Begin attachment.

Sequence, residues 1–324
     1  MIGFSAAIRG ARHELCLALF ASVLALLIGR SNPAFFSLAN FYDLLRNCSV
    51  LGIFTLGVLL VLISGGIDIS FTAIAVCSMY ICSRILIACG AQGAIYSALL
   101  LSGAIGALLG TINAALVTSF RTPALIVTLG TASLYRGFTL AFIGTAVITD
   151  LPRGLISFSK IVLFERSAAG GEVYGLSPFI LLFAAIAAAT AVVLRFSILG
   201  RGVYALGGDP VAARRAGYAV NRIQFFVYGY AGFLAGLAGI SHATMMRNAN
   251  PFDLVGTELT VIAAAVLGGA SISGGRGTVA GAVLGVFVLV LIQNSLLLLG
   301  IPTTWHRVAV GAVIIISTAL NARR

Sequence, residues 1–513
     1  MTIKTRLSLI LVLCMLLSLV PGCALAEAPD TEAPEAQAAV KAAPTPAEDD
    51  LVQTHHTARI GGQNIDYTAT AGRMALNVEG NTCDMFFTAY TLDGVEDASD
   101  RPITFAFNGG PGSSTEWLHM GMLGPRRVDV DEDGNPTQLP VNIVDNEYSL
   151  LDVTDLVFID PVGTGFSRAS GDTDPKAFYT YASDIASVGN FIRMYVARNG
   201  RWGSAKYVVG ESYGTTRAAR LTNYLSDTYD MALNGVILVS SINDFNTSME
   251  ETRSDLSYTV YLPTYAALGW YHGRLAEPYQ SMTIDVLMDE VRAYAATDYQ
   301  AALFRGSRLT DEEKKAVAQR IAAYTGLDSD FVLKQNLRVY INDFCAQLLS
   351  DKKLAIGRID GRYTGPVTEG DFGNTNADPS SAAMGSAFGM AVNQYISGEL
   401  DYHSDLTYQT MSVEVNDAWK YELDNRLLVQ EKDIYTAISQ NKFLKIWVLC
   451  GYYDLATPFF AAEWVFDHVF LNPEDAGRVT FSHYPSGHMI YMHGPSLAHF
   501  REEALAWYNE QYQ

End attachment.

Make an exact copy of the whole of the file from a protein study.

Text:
Sequence, residues 1–324
     1  MIGFSAAIRG ARHELCLALF ASVLALLIGR SNPAFFSLAN FYDLLRNCSV
    51  LGIFTLGVLL VLISGGIDIS FTAIAVCSMY ICSRILIACG AQGAIYSALL
   101  LSGAIGALLG TINAALVTSF RTPALIVTLG TASLYRGFTL AFIGTAVITD
   151  LPRGLISFSK IVLFERSAAG GEVYGLSPFI LLFAAIAAAT AVVLRFSILG
   201  RGVYALGGDP VAARRAGYAV NRIQFFVYGY AGFLAGLAGI SHATMMRNAN
   251  PFDLVGTELT VIAAAVLGGA SISGGRGTVA GAVLGVFVLV LIQNSLLLLG
   301  IPTTWHRVAV GAVIIISTAL NARR

Sequence, residues 1–513
     1  MTIKTRLSLI LVLCMLLSLV PGCALAEAPD TEAPEAQAAV KAAPTPAEDD
    51  LVQTHHTARI GGQNIDYTAT AGRMALNVEG NTCDMFFTAY TLDGVEDASD
   101  RPITFAFNGG PGSSTEWLHM GMLGPRRVDV DEDGNPTQLP VNIVDNEYSL
   151  LDVTDLVFID PVGTGFSRAS GDTDPKAFYT YASDIASVGN FIRMYVARNG
   201  RWGSAKYVVG ESYGTTRAAR LTNYLSDTYD MALNGVILVS SINDFNTSME
   251  ETRSDLSYTV YLPTYAALGW YHGRLAEPYQ SMTIDVLMDE VRAYAATDYQ
   301  AALFRGSRLT DEEKKAVAQR IAAYTGLDSD FVLKQNLRVY INDFCAQLLS
   351  DKKLAIGRID GRYTGPVTEG DFGNTNADPS SAAMGSAFGM AVNQYISGEL
   401  DYHSDLTYQT MSVEVNDAWK YELDNRLLVQ EKDIYTAISQ NKFLKIWVLC
   451  GYYDLATPFF AAEWVFDHVF LNPEDAGRVT FSHYPSGHMI YMHGPSLAHF
   501  REEALAWYNE QYQ